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ABP deputy chairperson’s conflict of interest undermines Cork decision

Words: Roger Milne
Cork / iStock_000017931158

An Bord Pleanála (ABP) has confirmed that it will concede a High Court challenge to a planning decision following concern over a potential undeclared conflict of interest by Paul Hyde, its deputy chairperson.

Eichsfeld Ltd was refused permission in March for a fast-track scheme of 191 build-to-rent flats in Blackpool, Cork City, on a site near property owned by a company in which Mr Hyde had a 25 per cent share.

Hyde’s stake in H20 Property Holdings Ltd, which is controlled by his father Stephen Hyde, was not declared in his declarations of interest to ABP.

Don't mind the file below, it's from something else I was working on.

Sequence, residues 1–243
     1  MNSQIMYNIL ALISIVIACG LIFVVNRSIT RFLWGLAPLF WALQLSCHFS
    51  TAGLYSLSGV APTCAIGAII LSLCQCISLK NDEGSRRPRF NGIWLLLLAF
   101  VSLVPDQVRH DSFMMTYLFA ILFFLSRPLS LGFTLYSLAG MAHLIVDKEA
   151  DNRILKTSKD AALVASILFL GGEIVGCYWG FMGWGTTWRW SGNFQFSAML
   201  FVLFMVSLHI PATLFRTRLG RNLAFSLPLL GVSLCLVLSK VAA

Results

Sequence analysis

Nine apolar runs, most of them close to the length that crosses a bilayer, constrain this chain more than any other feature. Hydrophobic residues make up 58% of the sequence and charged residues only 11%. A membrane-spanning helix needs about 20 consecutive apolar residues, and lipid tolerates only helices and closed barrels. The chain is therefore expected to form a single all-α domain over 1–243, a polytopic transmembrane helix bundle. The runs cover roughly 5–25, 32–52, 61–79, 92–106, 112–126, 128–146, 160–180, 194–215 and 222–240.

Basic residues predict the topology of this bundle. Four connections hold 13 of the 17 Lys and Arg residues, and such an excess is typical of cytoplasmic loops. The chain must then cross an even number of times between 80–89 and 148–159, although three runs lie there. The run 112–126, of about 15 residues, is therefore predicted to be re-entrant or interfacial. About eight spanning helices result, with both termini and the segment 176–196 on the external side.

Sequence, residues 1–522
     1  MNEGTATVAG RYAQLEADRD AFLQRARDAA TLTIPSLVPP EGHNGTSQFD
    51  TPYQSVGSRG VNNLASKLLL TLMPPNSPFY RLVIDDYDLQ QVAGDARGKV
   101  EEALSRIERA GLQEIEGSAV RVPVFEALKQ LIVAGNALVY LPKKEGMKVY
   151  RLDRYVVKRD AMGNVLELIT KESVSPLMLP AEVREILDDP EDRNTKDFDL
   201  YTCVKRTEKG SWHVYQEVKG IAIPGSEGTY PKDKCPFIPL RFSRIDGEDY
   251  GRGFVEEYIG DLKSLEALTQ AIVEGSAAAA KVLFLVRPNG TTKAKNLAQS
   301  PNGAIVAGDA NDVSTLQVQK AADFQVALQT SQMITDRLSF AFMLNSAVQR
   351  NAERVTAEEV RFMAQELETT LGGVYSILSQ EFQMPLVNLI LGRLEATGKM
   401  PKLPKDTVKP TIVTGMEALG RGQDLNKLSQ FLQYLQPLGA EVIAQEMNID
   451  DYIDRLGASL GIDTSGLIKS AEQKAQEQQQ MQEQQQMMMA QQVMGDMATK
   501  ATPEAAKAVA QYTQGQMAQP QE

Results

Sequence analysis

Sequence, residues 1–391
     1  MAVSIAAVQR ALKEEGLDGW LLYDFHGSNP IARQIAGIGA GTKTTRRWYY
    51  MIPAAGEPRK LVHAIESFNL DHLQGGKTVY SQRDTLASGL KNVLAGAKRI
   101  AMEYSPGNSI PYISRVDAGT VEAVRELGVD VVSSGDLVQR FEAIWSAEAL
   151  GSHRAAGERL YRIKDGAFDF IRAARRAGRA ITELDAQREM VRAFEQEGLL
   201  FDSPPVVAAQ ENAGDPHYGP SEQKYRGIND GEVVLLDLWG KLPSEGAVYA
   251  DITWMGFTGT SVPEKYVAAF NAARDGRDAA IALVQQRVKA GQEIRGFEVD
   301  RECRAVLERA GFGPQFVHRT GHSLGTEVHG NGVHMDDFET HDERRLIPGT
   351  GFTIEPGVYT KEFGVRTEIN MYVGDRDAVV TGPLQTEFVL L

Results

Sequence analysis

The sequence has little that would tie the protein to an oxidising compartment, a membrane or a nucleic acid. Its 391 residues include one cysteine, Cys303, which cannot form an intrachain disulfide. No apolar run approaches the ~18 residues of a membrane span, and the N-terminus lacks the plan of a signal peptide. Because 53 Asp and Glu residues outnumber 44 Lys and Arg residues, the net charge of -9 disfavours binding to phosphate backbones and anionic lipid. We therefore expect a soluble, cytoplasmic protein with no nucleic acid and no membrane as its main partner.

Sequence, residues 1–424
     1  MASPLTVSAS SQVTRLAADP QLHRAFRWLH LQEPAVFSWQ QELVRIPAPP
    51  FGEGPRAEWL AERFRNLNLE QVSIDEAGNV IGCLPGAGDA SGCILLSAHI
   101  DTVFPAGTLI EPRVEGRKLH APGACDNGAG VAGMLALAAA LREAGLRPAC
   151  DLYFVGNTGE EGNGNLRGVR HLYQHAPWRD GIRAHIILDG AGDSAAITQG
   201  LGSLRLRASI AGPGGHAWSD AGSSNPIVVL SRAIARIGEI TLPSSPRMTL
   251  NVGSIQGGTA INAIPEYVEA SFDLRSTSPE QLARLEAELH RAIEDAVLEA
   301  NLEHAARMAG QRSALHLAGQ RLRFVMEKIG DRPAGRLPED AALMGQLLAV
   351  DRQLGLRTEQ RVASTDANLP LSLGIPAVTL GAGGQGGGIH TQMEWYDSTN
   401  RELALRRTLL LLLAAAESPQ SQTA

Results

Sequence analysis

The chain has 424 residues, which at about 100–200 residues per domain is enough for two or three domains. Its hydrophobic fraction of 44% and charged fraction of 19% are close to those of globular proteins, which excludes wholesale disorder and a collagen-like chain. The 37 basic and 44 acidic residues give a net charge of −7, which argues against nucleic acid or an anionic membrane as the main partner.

He has insisted that there was no need to because the company was dormant and not carrying on any trade, in effect. He has denied any wrongdoing.

The developer’s judicial review aimed at overturning the refusal for 191 build-to-rent apartments is understood to have been grounded on an allegation of “objective bias” in that Hyde had allegedly failed to declare a conflict of interest in the decision.

Meanwhile, the terms of reference have been published for the report about Hyde, which senior counsel Remy Farrell is preparing for housing minister Darragh O’Brien.

This reveals that three separate ABP decisions involving Hyde are under scrutiny, including the Blackpool scheme.

This probe is also considering whether the deputy chairperson complied with relevant codes of practice, legislation on ethics for those engaged in public office and whether he should continue as ABP deputy chairperson.

Read more:

An Bord Pleanála deputy chair steps back pending probes

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